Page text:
There is a little valley between England and [Pg 42]Scotland called Lauderdale—a little valley watered by a river which flows into the Tweed. There Cuthbert did not keep the flocks of his father as did David, yet, like David, he was a warrior lad. Day and night Cuthbert lived in the open, shepherding the sheep of many masters.
It was a pleasant, very light room, close-carpeted in dove-grey Wilton. The military prints on the cream walls were expensively framed. A small, bright fire burned under an Adam mantelpiece, which bore a number of silver trophies and two photographs in leather frames-one of a nice-looking woman and the other of three nice-looking children. There was a central table with a bowl of flowers and two comfortable club chairs on either side of the fire. No desk or filing cabinets, nothing official-looking. A tall man, as pleasant as the room, got up from the far chair, dropped The Times on the carpet beside it, and came forward with a welcoming smile. He held out a firm, dry hand.
He looked after her with a smile of amusement, before renewing his efforts with the stick, holding his bridle reins with one hand so that his horse could not follow hers. To his disappointment there seemed to be nothing in the hole, but his prodding suddenly developed an amazing fact. He was on the point of dropping the stick and mounting his horse, when he noticed a small piece of metal in the leaves and grass at the mouth of the hole. It was an empty cartridge shell.
The dinner was a poor one. Nothing was served but pies filled with bitter curd, and milk soup. Elena Nikiforovna, who presided, kept blinking in a queer way, first with one eye and then with the other. She talked, she ate, but yet there was something deathly about her whole figure, and one almost fancied the faint smell of a corpse. There was only a glimmer of life in her, a glimmer of consciousness that she had been a lady who had once had her own serfs, that she was the widow of a general whom the servants had to address as “your Excellency”; and when these feeble relics of life flickered up in her for an instant she would say to her son:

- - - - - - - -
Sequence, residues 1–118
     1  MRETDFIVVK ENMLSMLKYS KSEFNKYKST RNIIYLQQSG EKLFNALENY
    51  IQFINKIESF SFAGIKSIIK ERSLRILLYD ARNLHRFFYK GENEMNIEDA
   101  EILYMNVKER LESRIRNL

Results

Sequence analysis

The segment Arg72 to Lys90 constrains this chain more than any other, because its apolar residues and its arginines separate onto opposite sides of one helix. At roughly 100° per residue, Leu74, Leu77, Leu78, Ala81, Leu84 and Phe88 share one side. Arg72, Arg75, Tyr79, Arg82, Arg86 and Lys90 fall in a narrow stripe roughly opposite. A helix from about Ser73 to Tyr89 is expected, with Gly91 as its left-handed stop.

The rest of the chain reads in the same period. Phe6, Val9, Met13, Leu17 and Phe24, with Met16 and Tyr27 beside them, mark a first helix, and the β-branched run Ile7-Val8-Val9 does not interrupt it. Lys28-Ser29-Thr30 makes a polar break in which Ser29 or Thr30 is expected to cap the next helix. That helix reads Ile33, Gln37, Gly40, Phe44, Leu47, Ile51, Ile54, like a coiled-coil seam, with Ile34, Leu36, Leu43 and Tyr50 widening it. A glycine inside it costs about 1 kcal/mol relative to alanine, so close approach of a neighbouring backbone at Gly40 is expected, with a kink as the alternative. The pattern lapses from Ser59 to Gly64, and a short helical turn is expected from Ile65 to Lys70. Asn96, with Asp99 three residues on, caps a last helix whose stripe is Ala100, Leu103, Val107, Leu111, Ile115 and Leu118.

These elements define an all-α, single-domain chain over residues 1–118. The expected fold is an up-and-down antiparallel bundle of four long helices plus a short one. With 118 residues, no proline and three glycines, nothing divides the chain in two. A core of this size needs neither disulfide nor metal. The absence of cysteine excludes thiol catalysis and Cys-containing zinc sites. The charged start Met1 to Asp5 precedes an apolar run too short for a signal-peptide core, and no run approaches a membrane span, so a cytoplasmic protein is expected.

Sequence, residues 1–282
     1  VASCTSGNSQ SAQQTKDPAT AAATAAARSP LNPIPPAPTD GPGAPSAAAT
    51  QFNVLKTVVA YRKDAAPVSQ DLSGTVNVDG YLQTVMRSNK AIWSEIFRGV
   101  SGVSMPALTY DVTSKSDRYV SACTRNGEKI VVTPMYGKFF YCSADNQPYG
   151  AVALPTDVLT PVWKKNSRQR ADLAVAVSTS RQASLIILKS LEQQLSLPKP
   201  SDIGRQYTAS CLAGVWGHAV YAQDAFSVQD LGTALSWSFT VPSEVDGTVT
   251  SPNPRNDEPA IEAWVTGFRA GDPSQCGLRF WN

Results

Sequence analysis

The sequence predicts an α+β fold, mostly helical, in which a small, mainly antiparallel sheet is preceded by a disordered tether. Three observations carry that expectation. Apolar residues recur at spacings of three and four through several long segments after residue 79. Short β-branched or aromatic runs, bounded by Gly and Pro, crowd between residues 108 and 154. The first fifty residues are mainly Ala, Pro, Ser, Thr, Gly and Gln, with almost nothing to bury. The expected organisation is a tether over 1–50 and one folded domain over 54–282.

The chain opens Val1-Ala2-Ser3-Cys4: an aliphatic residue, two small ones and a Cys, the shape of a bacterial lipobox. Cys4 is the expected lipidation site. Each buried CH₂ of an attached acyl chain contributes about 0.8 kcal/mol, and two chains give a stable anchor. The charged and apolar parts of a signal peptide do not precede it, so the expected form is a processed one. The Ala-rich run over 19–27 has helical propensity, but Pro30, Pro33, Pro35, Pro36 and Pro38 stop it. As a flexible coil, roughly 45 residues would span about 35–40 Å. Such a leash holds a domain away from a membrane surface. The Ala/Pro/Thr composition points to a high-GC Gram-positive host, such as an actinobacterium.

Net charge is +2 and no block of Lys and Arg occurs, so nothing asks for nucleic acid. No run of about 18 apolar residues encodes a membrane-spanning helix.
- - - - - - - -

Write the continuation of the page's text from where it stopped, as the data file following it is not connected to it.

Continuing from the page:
Fortunately for my mapping, a small conical hill overtopped the trees in advance of our track, at twelve miles from the starting-point. We eventually passed alongside of it, and travelled on six miles farther to a village in the cultivated plain of Salawé, a total distance of eighteen miles. The whole country about here was covered with harvest-workers, who, on seeing my approach, left off work and followed me into the village. As nothing proves better the real feelings and natural propensities of a nation than the impulsive actions of the children, I will give a striking instance, as it occurred to me to-day. On seeing a child approach me, I offered him a handful of beads, upon which the greedy little urchin snatched them from my hand with all the excited eagerness of a monkey. He clenched tight hold of them in his little fists, and, without the slightest show of any emotions of gratitude, retired, carrying his well-earned prize away with a self-satisfied and perfectly contented air, not even showing the beads to his parents or playmates. I called Bombay’s attention to this transaction, and contrasted it with the joyful, grateful manner in which an English child would involuntarily act if suddenly become possessed of so much wealth, by hurrying off to his mamma, and showing what fine things the kind gentleman had given him. Bombay passed on my remark, with a twelvemonth’s grin upon his face, to his inquiring brother Mabruki, and then explained the matter to his sooty friends around, declaring that such tumma (avaricious) propensities were purely typical of the Seedi’s nature.